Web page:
Twitter’s Board of Directors reportedly now plans to comply with a demand from Elon Musk to turn over internal data after Musk threatened to terminate his $44 billion purchase of the company for refusing to provide details related to how many bot accounts are on the platform.
“The information could be provided as soon as this week,” The Washington Post reported. “Currently some two dozen companies pay for access to the trove, which comprises not only a real-time record of tweets but the devices they tweet from, as well as information about the accounts that tweet.”
An attorney for Musk said in a letter to Twitter’s general counsel and head of legal, policy, and trust, Vijaya Gadde, that the social media company was “actively resisting and thwarting his information rights” as agreed to in the contract.
“This is a clear material breach of Twitter’s obligations under the merger agreement and Mr. Musk reserves all rights resulting therefrom, including his right not to consummate the transaction and his right to terminate the merger agreement,” the letter said.
The number of fake accounts on the platform could inflate the company’s ad revenue and thus lead Musk to seek to renegotiate how much he is willing to pay for the company.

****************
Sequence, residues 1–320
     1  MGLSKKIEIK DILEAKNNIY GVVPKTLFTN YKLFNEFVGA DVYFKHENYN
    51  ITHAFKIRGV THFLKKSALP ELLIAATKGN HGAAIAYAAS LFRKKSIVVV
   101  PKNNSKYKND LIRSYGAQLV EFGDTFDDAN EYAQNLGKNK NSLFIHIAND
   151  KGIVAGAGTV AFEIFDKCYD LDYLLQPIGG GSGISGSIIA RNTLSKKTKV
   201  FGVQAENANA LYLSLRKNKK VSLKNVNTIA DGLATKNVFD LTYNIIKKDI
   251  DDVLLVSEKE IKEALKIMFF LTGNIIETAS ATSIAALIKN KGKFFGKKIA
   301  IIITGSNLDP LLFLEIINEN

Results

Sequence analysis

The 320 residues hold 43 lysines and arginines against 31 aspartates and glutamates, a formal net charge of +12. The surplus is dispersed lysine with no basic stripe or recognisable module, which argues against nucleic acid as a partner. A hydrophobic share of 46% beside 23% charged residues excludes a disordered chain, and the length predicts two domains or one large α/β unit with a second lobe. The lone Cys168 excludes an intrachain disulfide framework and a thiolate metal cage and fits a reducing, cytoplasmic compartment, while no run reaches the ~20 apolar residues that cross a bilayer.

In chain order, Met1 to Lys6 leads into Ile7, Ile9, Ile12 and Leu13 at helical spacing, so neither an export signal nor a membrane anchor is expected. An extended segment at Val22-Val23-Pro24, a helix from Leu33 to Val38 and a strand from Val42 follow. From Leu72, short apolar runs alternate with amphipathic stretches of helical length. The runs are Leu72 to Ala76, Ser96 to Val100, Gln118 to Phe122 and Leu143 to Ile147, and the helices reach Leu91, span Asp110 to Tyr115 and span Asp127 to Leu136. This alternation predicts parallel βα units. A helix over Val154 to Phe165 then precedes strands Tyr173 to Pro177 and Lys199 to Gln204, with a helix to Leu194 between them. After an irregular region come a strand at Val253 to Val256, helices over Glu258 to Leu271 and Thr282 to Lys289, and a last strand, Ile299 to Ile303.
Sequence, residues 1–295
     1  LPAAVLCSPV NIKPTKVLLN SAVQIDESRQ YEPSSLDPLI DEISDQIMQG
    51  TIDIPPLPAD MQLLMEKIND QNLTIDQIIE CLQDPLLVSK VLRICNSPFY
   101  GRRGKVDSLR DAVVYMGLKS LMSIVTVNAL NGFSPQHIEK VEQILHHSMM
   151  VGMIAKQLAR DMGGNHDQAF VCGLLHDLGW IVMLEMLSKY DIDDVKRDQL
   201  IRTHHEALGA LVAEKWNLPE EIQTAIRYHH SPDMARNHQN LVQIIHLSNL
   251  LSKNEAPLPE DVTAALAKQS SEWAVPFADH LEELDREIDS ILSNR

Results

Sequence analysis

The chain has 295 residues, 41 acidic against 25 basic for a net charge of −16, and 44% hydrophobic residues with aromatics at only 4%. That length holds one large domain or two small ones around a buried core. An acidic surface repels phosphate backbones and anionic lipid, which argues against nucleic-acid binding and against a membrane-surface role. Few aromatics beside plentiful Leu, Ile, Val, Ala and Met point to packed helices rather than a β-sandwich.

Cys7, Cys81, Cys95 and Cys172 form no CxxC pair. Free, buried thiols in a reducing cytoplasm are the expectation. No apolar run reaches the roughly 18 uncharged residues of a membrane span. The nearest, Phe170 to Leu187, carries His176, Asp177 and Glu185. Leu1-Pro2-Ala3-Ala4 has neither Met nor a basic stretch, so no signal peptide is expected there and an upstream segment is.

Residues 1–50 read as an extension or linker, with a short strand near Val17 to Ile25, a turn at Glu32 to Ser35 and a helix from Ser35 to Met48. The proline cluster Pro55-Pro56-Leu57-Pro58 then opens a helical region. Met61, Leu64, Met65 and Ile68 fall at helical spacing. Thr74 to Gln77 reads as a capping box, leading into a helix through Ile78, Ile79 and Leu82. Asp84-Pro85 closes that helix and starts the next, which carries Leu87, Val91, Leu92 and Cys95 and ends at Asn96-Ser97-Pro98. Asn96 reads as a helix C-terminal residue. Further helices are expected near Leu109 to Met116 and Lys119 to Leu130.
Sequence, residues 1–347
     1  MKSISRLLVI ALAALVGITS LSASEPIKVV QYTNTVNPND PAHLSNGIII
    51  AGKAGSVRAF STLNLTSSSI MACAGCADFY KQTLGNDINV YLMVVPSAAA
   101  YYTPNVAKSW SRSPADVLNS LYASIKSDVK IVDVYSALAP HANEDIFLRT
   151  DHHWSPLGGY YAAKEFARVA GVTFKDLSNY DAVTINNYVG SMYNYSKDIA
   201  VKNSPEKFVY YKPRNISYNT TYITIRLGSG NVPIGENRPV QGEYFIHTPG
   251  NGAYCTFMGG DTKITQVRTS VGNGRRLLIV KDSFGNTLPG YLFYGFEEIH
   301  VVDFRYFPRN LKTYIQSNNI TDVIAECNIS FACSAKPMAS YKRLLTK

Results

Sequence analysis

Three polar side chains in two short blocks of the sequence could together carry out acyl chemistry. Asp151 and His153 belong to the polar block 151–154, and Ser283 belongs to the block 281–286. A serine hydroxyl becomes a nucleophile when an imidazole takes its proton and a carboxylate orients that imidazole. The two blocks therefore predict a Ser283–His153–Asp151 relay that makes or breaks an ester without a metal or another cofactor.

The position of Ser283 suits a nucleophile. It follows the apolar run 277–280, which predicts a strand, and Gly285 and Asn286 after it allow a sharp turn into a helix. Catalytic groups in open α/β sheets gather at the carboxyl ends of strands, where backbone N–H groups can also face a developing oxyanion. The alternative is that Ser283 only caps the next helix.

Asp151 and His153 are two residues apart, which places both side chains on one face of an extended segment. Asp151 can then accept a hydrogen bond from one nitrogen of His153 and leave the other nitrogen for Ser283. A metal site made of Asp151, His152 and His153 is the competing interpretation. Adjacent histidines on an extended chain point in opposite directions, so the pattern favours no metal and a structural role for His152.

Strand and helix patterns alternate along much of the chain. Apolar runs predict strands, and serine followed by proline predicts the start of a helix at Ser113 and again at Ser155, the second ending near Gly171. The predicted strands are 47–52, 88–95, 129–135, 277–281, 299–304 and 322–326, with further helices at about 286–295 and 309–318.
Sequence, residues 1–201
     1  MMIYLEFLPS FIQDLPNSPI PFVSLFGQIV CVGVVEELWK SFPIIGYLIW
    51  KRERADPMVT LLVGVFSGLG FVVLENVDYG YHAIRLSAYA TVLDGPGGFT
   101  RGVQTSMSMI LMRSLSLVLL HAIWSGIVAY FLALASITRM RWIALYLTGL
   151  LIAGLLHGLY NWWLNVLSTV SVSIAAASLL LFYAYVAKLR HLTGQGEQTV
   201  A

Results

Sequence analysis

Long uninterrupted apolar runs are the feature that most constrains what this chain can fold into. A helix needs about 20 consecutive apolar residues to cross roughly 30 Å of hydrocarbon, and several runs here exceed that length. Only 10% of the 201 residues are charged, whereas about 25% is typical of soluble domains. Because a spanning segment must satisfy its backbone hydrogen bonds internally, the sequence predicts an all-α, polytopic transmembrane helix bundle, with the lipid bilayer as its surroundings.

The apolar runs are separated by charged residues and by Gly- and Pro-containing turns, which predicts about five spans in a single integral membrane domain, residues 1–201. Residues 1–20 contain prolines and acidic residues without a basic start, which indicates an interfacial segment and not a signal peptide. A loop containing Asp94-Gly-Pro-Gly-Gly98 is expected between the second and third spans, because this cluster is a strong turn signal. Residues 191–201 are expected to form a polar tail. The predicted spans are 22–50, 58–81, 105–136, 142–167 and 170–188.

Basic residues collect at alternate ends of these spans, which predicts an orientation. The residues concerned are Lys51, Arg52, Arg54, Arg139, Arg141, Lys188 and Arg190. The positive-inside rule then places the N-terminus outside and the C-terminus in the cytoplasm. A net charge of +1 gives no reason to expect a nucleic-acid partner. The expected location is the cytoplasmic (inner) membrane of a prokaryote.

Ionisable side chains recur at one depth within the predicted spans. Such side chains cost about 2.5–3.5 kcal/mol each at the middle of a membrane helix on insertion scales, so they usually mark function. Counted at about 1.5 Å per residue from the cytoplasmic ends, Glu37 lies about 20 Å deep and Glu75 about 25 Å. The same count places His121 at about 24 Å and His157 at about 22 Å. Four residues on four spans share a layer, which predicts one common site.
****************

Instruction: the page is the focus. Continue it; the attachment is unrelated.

Texas Attorney General Ken Paxton (R) announced on Monday that his office had opened an investigation into Twitter “for potentially false reporting over its fake bot accounts.”
Paxton said in a press release that the investigation centers on discovering whether Twitter has violated the Texas Deceptive Trade Practices Act.
In a statement, Paxton’s office said:
On Twitter, ‘bots’ are automated, non-human accounts that can do virtually the same things as real people: send tweets, follow other users, and like and retweet others’ posts. Spam accounts like these inflate followers and reach, and often push deceptive and annoying activity. Bot accounts can not only reduce the quality of users’ experience on the platform but may also inflate the value of the company and the costs of doing business with it, thus directly harming Texas consumers and businesses.
Twitter has received intense scrutiny in recent weeks over claiming in its financial regulatory filings that fewer than 5% of all users are bots, when they may in fact comprise as much as 20% or more. The difference could dramatically affect the cost to Texas consumers and businesses who transact with Twitter.
To address this concern, Attorney General Paxton issued a Civil Investigative Demand (CID) to investigate whether Twitter’s reporting on real versus fake users is “false, misleading, or deceptive” under the Texas Deceptive Trade Practices Act. The CID requires Twitter to turn over documents related to how it calculates and manages its user data and how these numbers relate to Twitter’s advertising businesses. Twitter has until June 27 to respond to Attorney General Paxton’s Demand.
“Texans rely on Twitter’s public statements that nearly all its users are real people. It matters not only for regular Twitter users, but also Texas businesses and advertisers who use Twitter for their livelihoods,” Paxton said. “If Twitter is misrepresenting how many accounts are fake to drive up their revenue, I have a duty to protect Texans.”